Military—Jihadi Complex S16E1: Bajwa the bibliophile

Feat. India and Pakistan’s favourite pastime

My contention: the pastime that unites Indians and Pakistanis is not cricket as it is commonly believed to be but a far more interesting game called Clutching at the Straws.

The mechanics of this game are as follows:

  1. gameplay resets/begins when a new person replaces an incumbent one in any of these three positions: the PM of India, the PM of the putative state of Pakistan, or the Chief of Army Staff (COAS) who heads the Pakistani Military—Jihadi Complex (MJC).
  2. You earn straws whenever there’s a statement from the new appointee that can even remotely be construed as a measure to bring down tensions between India and Pakistan. More the media traction this statement gets, more the straws you earn.
  3. You get a leg-up if the new appointee actually translates these initial statements into actions. Common actions are: a photo op between any two leaders in the triad that can be used as a sign of bonhomie, a meeting on the sides of a multilateral summit, or even a bilateral meeting.
  4. Accumulated straws can be lost in two ways: a sudden loss of all straws occurs at the precise moment a terrorist attack emanating from Pakistan takes place on Indian soil. A more gradual dissipation happens if there is no reduction in tensions by the time step 1 is repeated.
  5. Back to step 1.

Funnily enough, though multiple rounds of Clutching at the Straws have been played, gameplay has been such that step 4 dominates and the players are always left with no straws at the end of a round, leaving them hungry enough to clutch more of them in the next round.

Starting another round of Clutching at the Straws

The latest round of Clutching at the Straws began with the appointment of Gen. Qamar Bajwa as the sixteenth COAS, as follows: The Nation, as if recovering from a bout of memory loss on Feb 13th 2017, chose to recall Bajwa’s first speech as COAS, delivered to senior officers in December 2016. It said:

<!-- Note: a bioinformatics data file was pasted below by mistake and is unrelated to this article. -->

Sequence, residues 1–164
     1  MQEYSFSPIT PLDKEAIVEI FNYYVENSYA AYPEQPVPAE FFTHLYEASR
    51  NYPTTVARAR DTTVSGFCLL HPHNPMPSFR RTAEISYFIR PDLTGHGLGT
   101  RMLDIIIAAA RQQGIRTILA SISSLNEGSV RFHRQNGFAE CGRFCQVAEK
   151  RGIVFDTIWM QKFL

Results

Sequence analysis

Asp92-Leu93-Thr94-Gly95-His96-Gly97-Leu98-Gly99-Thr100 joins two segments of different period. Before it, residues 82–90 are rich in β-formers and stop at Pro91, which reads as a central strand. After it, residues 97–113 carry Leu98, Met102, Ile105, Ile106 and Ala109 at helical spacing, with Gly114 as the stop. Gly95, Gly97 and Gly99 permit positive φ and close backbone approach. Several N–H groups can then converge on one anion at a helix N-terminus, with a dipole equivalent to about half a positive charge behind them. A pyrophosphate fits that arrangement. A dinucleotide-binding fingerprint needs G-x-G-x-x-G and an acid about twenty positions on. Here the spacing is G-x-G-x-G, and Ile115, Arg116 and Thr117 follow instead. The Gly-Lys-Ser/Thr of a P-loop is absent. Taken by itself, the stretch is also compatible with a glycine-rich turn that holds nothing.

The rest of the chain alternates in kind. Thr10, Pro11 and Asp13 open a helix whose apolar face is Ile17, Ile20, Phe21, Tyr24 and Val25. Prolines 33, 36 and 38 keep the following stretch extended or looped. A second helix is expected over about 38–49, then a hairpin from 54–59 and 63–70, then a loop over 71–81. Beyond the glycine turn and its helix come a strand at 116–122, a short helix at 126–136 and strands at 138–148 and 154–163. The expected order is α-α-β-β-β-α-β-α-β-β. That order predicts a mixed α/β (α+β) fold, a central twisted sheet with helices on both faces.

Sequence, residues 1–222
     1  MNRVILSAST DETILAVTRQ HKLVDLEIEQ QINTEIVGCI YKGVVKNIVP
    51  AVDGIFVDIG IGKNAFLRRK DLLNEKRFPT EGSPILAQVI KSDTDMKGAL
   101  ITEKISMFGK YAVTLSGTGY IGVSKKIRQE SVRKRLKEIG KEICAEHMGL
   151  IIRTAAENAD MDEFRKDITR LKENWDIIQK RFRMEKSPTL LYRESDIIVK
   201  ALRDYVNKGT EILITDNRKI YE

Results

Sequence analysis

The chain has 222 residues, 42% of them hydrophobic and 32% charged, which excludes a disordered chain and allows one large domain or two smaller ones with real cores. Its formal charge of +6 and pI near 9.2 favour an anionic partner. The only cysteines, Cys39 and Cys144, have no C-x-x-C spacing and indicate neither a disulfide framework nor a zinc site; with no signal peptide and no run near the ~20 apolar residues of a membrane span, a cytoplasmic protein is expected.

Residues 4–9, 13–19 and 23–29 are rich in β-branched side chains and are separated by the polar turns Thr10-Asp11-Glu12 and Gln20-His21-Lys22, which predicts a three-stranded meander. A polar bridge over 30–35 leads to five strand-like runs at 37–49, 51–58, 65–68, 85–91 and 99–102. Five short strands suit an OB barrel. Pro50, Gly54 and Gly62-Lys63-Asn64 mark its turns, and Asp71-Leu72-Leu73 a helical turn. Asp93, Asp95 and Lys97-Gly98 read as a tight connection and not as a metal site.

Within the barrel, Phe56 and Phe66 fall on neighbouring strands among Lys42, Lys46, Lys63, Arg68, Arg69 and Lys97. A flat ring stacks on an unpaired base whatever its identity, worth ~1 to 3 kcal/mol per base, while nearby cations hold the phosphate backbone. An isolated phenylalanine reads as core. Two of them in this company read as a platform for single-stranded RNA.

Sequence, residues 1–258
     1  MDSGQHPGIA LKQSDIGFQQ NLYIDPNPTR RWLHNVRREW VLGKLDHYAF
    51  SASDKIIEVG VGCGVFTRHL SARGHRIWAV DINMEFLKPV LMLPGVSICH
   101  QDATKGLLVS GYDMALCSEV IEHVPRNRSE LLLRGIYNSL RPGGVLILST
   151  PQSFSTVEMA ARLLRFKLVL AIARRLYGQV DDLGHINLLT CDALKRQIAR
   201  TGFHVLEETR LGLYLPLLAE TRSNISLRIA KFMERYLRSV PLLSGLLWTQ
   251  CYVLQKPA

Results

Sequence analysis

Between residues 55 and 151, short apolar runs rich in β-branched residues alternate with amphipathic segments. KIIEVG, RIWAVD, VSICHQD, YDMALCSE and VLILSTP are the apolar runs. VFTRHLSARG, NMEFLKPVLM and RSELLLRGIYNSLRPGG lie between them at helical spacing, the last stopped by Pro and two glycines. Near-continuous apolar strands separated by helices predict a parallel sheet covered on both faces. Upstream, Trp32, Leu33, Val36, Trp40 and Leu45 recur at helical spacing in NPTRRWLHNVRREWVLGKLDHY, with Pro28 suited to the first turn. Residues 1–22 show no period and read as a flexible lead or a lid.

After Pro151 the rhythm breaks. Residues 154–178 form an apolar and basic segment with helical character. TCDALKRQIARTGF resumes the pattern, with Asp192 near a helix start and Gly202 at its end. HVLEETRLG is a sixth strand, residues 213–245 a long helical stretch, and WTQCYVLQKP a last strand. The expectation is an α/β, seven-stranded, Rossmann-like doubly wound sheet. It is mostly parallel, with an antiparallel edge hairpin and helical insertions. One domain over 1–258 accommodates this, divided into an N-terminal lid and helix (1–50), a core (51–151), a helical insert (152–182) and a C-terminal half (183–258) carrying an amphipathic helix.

The general delivered his first speech — an articulation of his vision — as the new army chief in a poised manner and communicated it to his officers in unequivocal terms. The army has no business trying to run the government, the general said. The army must remain within its constitutionally defined role, he stressed. Gen Bajwa also alluded that an impression of a competition between the civilians and the military is counter-productive for the country. And, apart from other professional advice, he urged officers to read a book “Army and Nation”, written by Steven I Wilkinson. [The Nation, 13 Feb 2017]
Cover image of ‘Army and Nation’. If nothing else, I hope Bajwa’s statement would have shot the sales of this excellent book through the roof.

This one report—never mind that it found no mention in any other Pakistani newspaper — was enough to initiate another round of Clutching the Straws. Indian media outlets got into a tizzy over the report implying that Bajwa was different from his predecessors—he is the right person to restructure the civil-military relationship in Pakistan, and steer the relationship with India in the right direction.

My cynical viewpoint is for two reasons. The first one is that we saw exactly the same kind of reportage when Raheel Sharif took oath, and perhaps on many previous instances of change in leadership as well. When he took charge, Raheel Sharif’s speech prioritising internal terrorism as against the external Indian threat was taken as a sign of hope—he would work on ending the hostilities with India and the situation will change for the better, we were told. Well, we know how that turned out.

Second, Gen. Bajwa’s point of view has little bearing on the working of the Military—Jihadi Complex (MJC). May be Gen. Bajwa is the great man he is projected as, may be not. Regardless of what he says or does on this matter, the MJC will strike back, regressing to the mean in quick time. Unless this complex is brought down, it is unlikely that a well-meaning COAS will be able to change the shared culture, of which antagonism towards India and subjugation of the putative civilian leadership are core features. It is highly unlikely that such a fundamental change can be brought about by an endogenous force alone.

Until the MJC is brought down, Clutching the Straws will continue to be a popular pastime. And if books are your thing, I will take Gen. Bajwa’s cue and recommend revisiting Hussain Haqqani’s masterpiece Pakistan: Between Mosque and Military.

Related: our discussion document Sustained Dialogue Process as India’s Pakistan Policy: An assessment.